Jessica Chastain in “Work of Art” photographed by Annie Leibovitz for Vogue USA December 2013
Frederic Leighton’s Flaming June, Henri Matisse’s Odalisque with Red Culottes, Félix Vallotton’s Le Retour, Anders Zorn’s Frances Folsom Cleveland, Gustav Klimt’s Ria Munk, Vincent van Gogh’s La Mousmé, René Magritte’s La Robe du Soir, Julia Margaret Cameron’s photography.
“As the hours, the days, the weeks, the seasons slip by, you detach yourself from everything. You discover, with something that sometimes almost resembles exhilaration, that you are free. That nothing is weighing you down, nothing pleases or displeases you. You find, in this life exempt from wear and tear and with no thrill in it other than these suspended moments, in almost perfect happiness, fascinating, occasionally swollen by new emotions. You are living in a blessed parenthesis, in a vacuum full of promise, and from which you expect nothing. You are invisible, limpid, transparent. You no longer exist. Across the passing hours, the succession of days, the procession of the seasons, the flow of time, you survive without joy and without sadness. Without a future and without a past. Just like that: simply, self evidently, like a drop of water forming on a drinking tap on a landing.”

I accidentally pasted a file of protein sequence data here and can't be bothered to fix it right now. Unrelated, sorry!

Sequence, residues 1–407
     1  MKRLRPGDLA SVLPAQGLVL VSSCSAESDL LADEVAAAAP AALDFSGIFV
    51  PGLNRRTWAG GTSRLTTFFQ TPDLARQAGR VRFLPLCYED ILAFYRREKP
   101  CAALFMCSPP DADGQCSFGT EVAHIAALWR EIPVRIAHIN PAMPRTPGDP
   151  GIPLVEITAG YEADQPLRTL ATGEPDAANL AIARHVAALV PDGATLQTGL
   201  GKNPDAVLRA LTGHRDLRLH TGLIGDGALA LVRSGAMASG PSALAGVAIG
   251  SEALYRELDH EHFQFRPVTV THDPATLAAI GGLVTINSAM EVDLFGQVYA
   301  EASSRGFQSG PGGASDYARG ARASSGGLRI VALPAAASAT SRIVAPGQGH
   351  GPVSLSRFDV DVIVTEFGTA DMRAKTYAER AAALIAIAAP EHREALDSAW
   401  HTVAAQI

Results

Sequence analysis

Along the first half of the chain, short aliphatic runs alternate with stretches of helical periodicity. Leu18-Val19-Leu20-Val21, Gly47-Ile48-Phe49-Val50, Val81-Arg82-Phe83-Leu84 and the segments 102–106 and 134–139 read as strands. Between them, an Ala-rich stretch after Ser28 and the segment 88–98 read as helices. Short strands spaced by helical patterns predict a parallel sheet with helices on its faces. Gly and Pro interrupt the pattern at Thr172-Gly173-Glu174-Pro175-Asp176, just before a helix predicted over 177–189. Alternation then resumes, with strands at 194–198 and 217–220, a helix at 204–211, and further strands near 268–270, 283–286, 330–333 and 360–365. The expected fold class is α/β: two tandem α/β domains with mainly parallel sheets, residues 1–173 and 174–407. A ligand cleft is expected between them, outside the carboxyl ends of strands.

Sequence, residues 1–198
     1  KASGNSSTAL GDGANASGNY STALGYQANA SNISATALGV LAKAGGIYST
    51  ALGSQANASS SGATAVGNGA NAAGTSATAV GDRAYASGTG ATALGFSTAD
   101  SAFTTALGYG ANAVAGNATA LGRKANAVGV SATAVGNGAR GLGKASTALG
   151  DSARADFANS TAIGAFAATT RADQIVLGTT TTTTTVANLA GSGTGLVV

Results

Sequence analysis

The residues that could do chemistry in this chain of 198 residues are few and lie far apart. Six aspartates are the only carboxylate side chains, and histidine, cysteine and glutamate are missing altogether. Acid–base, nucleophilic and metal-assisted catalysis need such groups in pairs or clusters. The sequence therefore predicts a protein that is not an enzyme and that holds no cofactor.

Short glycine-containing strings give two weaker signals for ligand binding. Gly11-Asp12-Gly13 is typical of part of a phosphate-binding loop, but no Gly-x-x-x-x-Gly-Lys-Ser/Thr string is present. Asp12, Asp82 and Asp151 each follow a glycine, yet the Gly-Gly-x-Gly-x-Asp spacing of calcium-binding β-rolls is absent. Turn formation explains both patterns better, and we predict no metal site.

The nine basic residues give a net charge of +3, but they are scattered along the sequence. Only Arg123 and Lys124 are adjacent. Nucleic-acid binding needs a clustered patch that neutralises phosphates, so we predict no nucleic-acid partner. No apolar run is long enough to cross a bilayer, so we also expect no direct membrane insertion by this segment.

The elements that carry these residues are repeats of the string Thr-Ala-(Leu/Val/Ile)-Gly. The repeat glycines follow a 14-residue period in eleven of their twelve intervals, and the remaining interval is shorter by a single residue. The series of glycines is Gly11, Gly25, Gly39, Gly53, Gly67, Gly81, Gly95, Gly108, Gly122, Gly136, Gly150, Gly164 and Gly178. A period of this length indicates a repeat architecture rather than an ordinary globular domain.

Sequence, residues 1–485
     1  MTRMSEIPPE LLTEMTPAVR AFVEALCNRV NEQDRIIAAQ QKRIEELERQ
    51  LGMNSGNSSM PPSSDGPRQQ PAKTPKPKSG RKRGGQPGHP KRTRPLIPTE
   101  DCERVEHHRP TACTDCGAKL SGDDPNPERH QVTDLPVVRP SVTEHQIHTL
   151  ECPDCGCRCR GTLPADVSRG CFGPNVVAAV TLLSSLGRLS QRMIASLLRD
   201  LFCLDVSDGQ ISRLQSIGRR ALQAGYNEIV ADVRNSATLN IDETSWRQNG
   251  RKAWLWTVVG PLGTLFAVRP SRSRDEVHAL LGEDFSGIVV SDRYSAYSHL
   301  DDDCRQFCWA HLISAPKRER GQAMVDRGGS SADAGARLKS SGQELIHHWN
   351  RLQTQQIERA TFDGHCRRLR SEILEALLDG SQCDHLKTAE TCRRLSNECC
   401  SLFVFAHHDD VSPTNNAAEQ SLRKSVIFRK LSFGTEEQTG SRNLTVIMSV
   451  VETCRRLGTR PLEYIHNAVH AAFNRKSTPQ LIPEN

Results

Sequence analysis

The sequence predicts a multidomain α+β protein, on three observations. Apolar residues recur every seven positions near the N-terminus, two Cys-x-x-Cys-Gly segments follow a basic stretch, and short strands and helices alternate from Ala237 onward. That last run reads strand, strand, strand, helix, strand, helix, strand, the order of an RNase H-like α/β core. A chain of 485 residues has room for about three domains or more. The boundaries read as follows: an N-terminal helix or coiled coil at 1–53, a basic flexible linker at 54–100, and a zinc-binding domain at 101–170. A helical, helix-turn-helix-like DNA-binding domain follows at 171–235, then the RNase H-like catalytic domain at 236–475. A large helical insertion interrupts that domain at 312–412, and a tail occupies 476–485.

For all of the difficulty that Guillermo del Toro has experienced in getting his projects off the ground, his imagination is famously restless and unquenchable. A gifted artist who’s as capable of bringing his visions to life with a pencil as he is with a camera, del Toro is known to first begin creating his film worlds in the pages of his sketchbooks (del Toro once left his “Pan’s Labyrinth” notes in the back seat of a cab, and the loss might have killed the movie if not for the kind efforts of the cab driver to return the book). While most of the notes and illustrations that fill del Toro’s sketchbooks may never be available to the public, many pages have made their way to the web, and many more can be found in various books and on the Criterion Collection DVDs of “Cronos” and “The Devil’s Backbone.” Here, we’ve collected the images that we could find, a modest collection that nevertheless provides a thrilling glimpse into the mind of an extraordinary storyteller.
Voyage to Italy (Viaggio in Italia) - Roberto Rossellini, 1954 Claire’s Knee (Le genou de Claire) - Éric Rohmer, 1970 Certified Copy (Copie conforme) - Abbas Kiarostami, 2010 The Green Ray (Le rayon vert) - Éric Rohmer, 1986 Scenes from a Marriage (Scener ur ett äktenskap) - Ingmar Bergman, 1974